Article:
When Else to Suspect Ehlers-Danlos Syndrome

Beighton 9 pt scoring illustration
Bendy signs of hypermobility

Author’s note March 16, 2017: Since the brand new updated criteria and nosology for all forms of the now plural Ehlers-Danlos Syndromes (13 of them) and the brand new category of Hypermobility Spectrum Disorders JUST came out 24 hours ago, please bear with me as I get my site updated to reflect this.

Accordingly, please take the following with a grain of salt, and know that it is intended primarily to target those with the less rare form of EDS, hypermobile EDS or “hEDS” only now, as well as the new forms of the Hypermobility Spectrum Disorders primarily. 

Prior to March 15, 2017 we spoke of six main forms of EDS only, and some additional hypermobility syndromes (HMS, JHS, BJHS) which seemed to share a lot of overlap and confusing everyone. These have all been folded into either the newly sharpened EDS criteria, or the new categories of Hypermobility Spectrum Disorders for those who don’t meet the tightened Beighton criteria for hEDS as of March 15, 2017 for any reason but exhibit a lot of the following issues just the same, indicating some kind of systemic connective tissue disorder, after all clear ones have been excluded. (E.g. OI, Marfan, Stickler, etc.)

The more rare forms of the Ehlers-Danlos syndromes are enough easier to suspect and diagnose due to their severity that they have much less trouble doing so. Please consult The Ehlers-Danlos Society for more information on all forms (March 2017).

Original post pre-March 2017:

I wrote about my top five ways to suspect hypermobile Ehlers-Danlos Syndrome a couple of years ago. These included:

  1. Fibromyalgia
  2. IBS
  3. Chronic Pain
  4. Anxiety, depression and Autism Spectrum 
  5. Allergies and sensitivities or MCAS (a form of MCAD)

But I keep finding so many additional common signs and symptoms that people exhibit, that I felt them worthy of another post so am hatching this one. Though let me be clear, many of these are actually common comorbidities still, and none of them is truly diagnostic alone. Just part of the trail of breadcrumbs I hope you find leading you to suspect and look further into the EDS (and now HSD, March 2017).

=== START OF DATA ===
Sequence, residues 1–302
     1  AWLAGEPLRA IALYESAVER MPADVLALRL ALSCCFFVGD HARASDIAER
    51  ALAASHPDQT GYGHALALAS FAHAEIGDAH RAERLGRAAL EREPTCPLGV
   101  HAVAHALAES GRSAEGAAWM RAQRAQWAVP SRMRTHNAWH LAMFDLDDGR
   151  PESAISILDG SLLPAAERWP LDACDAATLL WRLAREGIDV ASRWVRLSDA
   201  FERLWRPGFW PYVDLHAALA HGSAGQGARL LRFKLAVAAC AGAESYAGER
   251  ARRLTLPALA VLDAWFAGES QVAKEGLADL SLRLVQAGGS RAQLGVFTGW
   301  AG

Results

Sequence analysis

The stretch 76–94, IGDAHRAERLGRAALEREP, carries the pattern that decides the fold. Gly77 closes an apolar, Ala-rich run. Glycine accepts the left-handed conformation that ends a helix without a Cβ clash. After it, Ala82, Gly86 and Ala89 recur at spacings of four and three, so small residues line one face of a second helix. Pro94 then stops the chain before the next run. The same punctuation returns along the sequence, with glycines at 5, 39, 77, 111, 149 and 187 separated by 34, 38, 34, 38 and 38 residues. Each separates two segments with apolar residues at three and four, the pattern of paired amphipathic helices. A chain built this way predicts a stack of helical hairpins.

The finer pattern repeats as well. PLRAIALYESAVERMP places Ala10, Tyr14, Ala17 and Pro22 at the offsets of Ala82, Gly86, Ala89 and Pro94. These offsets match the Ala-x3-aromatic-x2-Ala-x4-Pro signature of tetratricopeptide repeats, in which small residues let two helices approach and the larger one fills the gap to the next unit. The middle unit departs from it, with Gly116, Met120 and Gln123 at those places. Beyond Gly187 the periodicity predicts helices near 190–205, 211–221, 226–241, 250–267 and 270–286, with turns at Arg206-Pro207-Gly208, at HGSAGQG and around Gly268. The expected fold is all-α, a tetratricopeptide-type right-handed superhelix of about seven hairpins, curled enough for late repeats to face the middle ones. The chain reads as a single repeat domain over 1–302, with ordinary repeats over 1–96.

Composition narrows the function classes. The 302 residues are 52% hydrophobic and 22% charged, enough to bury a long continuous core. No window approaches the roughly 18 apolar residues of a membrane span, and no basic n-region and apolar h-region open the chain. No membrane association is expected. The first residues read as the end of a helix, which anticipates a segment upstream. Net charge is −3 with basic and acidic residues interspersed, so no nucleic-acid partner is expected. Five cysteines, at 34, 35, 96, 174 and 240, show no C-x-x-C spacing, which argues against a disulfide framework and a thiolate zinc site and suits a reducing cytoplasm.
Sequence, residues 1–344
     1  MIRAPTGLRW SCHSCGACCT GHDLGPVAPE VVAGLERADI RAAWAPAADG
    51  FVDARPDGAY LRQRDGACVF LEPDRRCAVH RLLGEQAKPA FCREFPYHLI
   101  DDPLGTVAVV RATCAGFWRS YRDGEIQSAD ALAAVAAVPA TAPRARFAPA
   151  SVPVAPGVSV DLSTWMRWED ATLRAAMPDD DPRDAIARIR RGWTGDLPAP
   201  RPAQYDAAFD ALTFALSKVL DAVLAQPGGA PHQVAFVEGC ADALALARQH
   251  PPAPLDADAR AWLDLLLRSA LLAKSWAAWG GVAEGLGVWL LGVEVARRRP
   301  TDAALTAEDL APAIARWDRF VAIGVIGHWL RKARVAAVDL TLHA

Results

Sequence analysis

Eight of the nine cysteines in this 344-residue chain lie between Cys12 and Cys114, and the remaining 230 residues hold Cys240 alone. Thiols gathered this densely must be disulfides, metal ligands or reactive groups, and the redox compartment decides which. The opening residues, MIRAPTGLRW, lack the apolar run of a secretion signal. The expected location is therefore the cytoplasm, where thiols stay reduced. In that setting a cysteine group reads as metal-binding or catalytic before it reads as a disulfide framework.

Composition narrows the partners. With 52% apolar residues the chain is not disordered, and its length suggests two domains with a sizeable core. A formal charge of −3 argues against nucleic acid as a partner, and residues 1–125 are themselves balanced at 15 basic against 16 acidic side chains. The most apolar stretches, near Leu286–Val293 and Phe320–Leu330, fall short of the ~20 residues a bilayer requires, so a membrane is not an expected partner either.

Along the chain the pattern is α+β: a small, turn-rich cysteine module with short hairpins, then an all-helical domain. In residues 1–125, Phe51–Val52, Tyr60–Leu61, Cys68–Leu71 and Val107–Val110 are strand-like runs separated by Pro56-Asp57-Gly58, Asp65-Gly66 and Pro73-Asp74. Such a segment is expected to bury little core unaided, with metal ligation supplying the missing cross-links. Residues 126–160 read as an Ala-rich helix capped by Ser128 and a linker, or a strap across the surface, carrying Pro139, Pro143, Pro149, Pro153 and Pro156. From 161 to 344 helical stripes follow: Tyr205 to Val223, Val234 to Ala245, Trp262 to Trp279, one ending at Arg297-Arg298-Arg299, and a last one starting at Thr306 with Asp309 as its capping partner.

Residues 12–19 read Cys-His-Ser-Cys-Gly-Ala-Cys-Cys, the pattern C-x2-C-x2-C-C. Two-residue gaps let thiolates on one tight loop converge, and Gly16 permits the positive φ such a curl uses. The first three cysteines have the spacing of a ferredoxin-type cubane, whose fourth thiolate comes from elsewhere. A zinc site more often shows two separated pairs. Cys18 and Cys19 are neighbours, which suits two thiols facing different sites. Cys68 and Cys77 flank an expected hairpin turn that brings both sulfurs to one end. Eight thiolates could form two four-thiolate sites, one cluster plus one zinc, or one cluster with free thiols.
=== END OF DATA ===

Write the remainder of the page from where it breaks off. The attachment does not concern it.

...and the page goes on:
However, rather than expounding on the signs I’ll just list them with a few links where able to outside sources about them. Again, because this is a systemic condition the myriad ways it manifests are rather mind-boggling in number and ultimately limitless: they affect the whole body in some way or another. Again this seems to be what makes it so hard for doctors to identify the condition prompting some wise person to quip:


If you can’t connect the issues, think connective tissues – author unknown*


*If you know the author, please tell me so I can give proper credit! And no it’s not Dr. Heidi Collins – she said she doesn’t know either. She just quoted them too! (She says so in her 2014 talk of the same title at the EDNF Conference.)

The thing is, doctors have only been told about or possibly only remember the grossest signs of the rarest types (of EDS and all HDCTs) for the most part, so many of us with less hypermobile or gross types keep getting missed still. Why I’m writing! Patreon support logo

Anyway, on with the unofficial and incomplete list. And if you find yourself checking off more than not, I would highly suspect you!

  • Postive Gorlin’s sign (ability to touch tip of tongue to nose, yes I think this case has EDS, natch)
  • Flying Bird Hand sign
  • W-sitting (don’t do it!)
  • Reverse Namaste or Namaskar sign (able to form the “Namaste” prayer pose with hands behind your back)